Zachary Taylor
12th President of the United States

(1845 - 1850)
Vice President: Millard Fillmore


President: Zachary Taylor

Wife: Margaret Mackall Smith (1788-1852), on June 21, 1810

Kids: Ann Mackall Taylor (1811-75); Sarah Knox Taylor (1814-35); Octavia P. Taylor (1816-20); Margaret Smith Taylor (1819-20); Mary Elizabeth Taylor (1824-1909); Richard Taylor (1826-79)

Pets: Old Whitey the horse

Bio: Zachary Taylor, (1784-1850), second cousin of James Madison and descendant of a Mayflower Pilgrim, was the 12th President Of The United States. Born in Orange county, Virginia, on Nov. 24, 1784, he was one of 10 children. As an infant, he was taken to Kentucky and he grew up on a farm near Louisville. He had very little formal schooling.

In 1808, Taylor began a long and successful military career when he was commissioned a first lieutenant of infantry. Two years later he married Margaret Mackall Smith of Calvert county, Maryland. After having served in the War of 1812, he served in the states or future states of Wisconsin, Minnesota, Missouri, Mississippi, Louisiana, Arkansas, and Oklahoma. Promoted to colonel in 1832, he fought in the Black Hawk War, participating in the Battle of Bad Axe. In 1838, he became a brigadier general and he commanded all U. S. troops in Florida.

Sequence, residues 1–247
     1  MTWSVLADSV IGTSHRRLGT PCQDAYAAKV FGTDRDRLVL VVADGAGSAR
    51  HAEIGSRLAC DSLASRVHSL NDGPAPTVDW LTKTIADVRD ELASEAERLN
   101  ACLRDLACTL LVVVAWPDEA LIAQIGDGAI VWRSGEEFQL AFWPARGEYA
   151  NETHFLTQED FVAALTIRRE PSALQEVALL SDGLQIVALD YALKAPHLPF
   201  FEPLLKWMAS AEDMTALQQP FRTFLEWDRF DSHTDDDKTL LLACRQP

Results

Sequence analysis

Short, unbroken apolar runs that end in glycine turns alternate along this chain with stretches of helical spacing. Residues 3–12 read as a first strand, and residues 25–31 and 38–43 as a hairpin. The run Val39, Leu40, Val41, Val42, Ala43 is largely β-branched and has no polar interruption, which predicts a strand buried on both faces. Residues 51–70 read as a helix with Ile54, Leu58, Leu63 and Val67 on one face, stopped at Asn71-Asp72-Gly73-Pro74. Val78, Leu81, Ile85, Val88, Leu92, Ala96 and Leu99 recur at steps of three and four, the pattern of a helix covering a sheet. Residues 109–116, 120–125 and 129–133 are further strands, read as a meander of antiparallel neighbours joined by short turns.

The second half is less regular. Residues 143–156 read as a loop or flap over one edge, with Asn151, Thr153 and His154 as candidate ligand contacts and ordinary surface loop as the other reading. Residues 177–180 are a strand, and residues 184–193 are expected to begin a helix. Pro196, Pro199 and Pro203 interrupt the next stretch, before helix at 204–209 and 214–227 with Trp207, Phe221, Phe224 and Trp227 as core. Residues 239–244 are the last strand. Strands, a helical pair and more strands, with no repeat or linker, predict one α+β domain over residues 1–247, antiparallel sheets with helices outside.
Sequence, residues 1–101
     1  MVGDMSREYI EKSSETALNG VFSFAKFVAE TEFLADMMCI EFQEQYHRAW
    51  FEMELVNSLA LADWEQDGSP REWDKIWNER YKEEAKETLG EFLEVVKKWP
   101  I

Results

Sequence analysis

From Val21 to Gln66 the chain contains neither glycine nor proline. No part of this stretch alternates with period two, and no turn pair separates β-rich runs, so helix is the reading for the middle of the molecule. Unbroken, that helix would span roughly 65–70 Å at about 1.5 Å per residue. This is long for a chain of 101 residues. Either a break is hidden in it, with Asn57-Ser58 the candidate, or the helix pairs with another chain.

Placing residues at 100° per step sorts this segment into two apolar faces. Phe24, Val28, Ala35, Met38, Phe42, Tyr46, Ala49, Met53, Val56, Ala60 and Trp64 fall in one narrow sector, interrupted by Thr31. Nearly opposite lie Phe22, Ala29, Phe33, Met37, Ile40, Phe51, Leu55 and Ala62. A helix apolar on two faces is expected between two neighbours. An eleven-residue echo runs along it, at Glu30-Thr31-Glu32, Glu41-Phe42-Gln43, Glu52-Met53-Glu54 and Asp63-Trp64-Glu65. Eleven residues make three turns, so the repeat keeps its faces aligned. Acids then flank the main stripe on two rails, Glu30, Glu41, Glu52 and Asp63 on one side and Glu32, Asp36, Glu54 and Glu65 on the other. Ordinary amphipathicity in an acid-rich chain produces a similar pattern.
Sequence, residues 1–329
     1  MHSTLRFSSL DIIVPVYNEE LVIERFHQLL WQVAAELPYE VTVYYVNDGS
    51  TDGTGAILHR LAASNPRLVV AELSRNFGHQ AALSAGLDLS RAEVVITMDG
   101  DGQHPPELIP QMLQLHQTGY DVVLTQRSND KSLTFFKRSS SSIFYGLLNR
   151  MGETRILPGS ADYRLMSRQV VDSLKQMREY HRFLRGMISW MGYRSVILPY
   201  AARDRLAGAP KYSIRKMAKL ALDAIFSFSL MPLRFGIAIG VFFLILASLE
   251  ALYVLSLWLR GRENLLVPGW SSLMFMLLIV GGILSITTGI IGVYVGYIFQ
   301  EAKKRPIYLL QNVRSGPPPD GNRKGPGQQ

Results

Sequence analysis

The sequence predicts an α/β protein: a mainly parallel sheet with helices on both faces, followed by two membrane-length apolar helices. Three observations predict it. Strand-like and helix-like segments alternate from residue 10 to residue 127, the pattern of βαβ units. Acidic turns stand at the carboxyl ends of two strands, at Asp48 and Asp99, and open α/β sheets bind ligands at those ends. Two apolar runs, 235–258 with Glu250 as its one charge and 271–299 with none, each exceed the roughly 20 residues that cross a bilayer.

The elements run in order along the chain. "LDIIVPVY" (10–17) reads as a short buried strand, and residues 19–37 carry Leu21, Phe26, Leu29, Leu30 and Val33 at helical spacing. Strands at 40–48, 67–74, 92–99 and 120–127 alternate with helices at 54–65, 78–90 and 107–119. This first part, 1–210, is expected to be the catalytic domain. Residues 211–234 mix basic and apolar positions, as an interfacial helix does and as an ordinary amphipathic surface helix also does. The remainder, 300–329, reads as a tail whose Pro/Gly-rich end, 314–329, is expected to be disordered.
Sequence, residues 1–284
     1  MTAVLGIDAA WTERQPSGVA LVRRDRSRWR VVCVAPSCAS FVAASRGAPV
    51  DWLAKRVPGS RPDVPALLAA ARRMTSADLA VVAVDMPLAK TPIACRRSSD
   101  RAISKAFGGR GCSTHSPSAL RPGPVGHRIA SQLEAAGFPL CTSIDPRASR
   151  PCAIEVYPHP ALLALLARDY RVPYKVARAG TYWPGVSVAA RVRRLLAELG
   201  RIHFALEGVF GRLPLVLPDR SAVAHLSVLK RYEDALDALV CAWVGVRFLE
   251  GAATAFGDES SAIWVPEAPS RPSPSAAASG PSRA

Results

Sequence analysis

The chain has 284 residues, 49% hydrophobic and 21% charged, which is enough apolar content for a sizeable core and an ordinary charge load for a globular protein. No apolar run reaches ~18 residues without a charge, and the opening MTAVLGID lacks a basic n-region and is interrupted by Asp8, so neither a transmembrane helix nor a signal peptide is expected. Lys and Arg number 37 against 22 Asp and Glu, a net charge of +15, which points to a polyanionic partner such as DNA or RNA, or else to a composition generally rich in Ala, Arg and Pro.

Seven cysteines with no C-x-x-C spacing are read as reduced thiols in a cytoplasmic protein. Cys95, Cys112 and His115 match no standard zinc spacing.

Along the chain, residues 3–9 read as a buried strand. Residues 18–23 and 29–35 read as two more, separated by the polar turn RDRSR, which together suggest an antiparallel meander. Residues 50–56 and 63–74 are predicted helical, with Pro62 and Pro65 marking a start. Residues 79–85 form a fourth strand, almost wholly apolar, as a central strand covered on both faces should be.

He led his troops to major victories in the Mexican war, resulting in a promotion to major general, becoming a national hero. The Battle of Buena Vista on Feb. 22-23, 1847, was the crowning achievement of Taylor’s military career and bolstered him to a position where the presidency was in reach. The Whig party nominated him as its presidential candidate in June 1848, and he was duly elected. The defining issue of his presidency was slavery. Southern senators and representatives wanted to extend the legality of slavery to the Pacific states and territories. Although he was a slave owner himself, Taylor strongly opposed anti-extension, as did the Northern congressman. Chaos often reigned in Washington during those months and years when there was extreme hostility in the halls of Congress. Politicians carried weapons and fist fights often broke out in Congress. Taylor died of cholera in office on July 9, 1850, when the national crisis was particularly acute.

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